With school closed with the blizard two Bridgewater-Raritan Regional High School seniors thought they could make a few extra bucks.

According to 7Online, in the process, Matt Molinari and Eric Schnepf, both 18, also learned a valuable lesson about one of the costs of doing business: government regulations.

The two friends were canvasing a neighborhood near this borough’s border with Bridgewater early Monday evening, handing out fliers promoting their service, when they were pulled over by police and told to stop.

The teens story was shared on a popular Bound Brook Facebook group by a resident who saw Schnepf being questioned by police after coming to his door.

“Are you kidding me? Our generation does nothing but complain about his generation being lazy and not working for their money,” he wrote on Bound Bound Brook teens shoveling. “Here’s a couple kids who take the time to print up flyers, walk door to door in the snow, and then shovel snow for some spending money. And someone calls the cops and they’re told to stop?”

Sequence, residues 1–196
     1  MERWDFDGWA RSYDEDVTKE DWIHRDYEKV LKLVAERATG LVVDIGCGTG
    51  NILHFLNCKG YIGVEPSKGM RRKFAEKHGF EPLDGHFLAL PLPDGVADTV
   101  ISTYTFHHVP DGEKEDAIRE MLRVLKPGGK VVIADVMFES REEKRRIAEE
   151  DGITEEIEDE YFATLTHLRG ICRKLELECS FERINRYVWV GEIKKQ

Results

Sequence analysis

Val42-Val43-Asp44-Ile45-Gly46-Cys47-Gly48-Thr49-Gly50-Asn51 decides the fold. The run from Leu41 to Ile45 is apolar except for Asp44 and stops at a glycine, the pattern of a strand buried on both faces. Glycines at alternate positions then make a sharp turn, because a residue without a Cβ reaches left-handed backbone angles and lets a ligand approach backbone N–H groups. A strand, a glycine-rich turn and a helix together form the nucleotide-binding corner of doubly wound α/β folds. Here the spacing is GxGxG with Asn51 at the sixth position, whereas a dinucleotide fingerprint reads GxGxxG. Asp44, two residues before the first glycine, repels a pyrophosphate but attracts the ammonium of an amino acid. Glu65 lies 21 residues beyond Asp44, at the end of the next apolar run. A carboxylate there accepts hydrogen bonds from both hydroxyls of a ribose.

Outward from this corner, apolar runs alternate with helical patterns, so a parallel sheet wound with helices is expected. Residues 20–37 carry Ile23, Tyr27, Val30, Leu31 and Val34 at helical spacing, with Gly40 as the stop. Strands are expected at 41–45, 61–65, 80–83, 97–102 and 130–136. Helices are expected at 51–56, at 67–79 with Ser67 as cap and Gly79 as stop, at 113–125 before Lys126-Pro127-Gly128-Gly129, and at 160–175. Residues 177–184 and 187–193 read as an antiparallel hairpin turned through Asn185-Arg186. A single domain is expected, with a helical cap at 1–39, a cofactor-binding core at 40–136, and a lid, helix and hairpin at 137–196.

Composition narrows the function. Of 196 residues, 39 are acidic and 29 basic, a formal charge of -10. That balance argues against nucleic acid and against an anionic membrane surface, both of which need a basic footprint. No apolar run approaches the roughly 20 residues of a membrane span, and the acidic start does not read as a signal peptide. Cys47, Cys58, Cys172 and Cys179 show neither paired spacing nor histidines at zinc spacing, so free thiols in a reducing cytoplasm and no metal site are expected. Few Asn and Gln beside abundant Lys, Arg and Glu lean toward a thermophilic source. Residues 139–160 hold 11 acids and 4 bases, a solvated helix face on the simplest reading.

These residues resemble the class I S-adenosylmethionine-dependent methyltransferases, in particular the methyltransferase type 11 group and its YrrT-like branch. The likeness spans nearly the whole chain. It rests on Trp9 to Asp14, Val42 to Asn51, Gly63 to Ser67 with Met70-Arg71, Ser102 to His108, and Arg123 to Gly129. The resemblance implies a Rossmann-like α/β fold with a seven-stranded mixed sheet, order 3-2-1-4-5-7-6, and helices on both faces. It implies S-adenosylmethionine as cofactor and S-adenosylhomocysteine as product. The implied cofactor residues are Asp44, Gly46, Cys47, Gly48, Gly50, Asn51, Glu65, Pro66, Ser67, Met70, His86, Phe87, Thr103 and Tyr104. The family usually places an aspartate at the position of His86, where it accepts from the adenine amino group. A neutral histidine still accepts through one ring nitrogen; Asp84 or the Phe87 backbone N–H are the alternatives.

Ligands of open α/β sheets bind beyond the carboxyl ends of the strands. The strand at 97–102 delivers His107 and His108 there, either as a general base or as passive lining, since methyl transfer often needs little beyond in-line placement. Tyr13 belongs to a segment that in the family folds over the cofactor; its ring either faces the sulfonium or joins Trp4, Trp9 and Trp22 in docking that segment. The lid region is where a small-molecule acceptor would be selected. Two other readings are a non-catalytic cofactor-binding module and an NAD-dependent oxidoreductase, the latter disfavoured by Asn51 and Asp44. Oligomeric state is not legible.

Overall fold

An updated post on the Bound Brook NJ Events Facebook page read:

It’s a shame that the media twisted this into an anti-police propaganda.
When the police get a phone call they have to react regardless this had nothing to do with the police this was all about the caller the teens were not ticketed. I know a lot of you will agree because you have seen where the discussion started so let’s get our finest off of discussion please. Our Police Department did not stop them they only talked with them to see if everything was ok just wanted to clear that up with whoever read the media story side of this first.

Members of the group responded with support for the young entrepreneurs.

Bound Brook, like many municipalities in the state and country, has a law against unlicensed solicitors and peddlers.

Despite the rule, however, Police Chief Michael Jannone said the two young businessmen were not arrested or issued a ticket, and that the police’s concern was about them being outside during dangerous conditions, not that they were unlicensed.

“We don’t make the laws but we have to uphold them,” he said Tuesday after reading some of the online comments about the incident. “This was a state of emergency. Nobody was supposed to be out on the road.”

The teens managed to line up five jobs, earning $25 to $40 a house.